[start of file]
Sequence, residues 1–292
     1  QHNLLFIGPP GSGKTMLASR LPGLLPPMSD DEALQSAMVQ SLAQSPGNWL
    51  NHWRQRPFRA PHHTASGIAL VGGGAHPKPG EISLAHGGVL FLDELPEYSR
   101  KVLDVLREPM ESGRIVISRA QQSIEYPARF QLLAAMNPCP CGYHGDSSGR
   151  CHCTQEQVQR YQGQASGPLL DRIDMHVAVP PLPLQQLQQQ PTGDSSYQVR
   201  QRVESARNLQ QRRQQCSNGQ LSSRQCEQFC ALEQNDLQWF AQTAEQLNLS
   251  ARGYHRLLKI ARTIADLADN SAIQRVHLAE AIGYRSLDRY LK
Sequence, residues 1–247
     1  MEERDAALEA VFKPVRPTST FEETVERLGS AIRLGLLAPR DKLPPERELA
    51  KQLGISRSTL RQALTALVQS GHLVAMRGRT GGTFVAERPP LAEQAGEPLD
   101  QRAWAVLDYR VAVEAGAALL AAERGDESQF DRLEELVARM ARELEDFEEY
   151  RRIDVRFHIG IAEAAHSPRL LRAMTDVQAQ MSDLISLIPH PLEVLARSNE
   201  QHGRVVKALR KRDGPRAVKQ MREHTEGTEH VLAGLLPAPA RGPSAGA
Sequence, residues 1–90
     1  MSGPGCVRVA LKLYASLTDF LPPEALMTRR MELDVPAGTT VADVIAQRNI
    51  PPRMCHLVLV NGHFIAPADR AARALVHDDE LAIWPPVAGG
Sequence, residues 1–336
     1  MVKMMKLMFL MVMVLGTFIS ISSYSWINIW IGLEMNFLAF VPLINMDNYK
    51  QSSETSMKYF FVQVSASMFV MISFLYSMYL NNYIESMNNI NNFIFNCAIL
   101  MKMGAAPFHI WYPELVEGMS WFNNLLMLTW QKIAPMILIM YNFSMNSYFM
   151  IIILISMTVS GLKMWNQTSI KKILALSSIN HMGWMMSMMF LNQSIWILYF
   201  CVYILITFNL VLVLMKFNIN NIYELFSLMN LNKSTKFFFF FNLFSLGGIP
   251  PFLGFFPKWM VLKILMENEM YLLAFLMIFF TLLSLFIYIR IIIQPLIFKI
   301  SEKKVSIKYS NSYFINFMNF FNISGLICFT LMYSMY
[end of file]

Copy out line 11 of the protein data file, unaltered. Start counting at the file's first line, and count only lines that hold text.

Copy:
   101  QRAWAVLDYR VAVEAGAALL AAERGDESQF DRLEELVARM ARELEDFEEY